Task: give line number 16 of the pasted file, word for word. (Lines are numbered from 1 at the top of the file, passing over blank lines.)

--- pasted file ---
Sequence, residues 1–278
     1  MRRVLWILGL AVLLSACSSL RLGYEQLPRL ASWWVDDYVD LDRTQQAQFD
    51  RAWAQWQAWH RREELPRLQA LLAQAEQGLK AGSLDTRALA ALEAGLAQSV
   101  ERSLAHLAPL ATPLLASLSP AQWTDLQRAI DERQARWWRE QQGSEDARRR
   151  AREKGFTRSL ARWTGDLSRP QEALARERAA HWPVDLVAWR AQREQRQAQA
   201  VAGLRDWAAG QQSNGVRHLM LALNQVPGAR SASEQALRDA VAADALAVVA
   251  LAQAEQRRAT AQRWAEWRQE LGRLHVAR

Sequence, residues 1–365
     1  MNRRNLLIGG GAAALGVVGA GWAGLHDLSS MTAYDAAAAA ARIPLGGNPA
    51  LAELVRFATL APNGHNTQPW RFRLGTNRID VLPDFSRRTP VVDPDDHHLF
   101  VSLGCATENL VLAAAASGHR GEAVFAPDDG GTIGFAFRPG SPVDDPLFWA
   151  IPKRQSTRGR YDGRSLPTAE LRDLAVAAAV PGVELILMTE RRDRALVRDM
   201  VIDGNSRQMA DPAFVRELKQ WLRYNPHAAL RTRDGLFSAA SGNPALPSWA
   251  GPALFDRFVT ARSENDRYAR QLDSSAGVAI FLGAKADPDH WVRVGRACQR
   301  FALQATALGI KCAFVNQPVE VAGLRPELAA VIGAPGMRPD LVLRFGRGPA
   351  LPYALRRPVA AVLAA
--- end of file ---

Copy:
   351  LPYALRRPVA AVLAA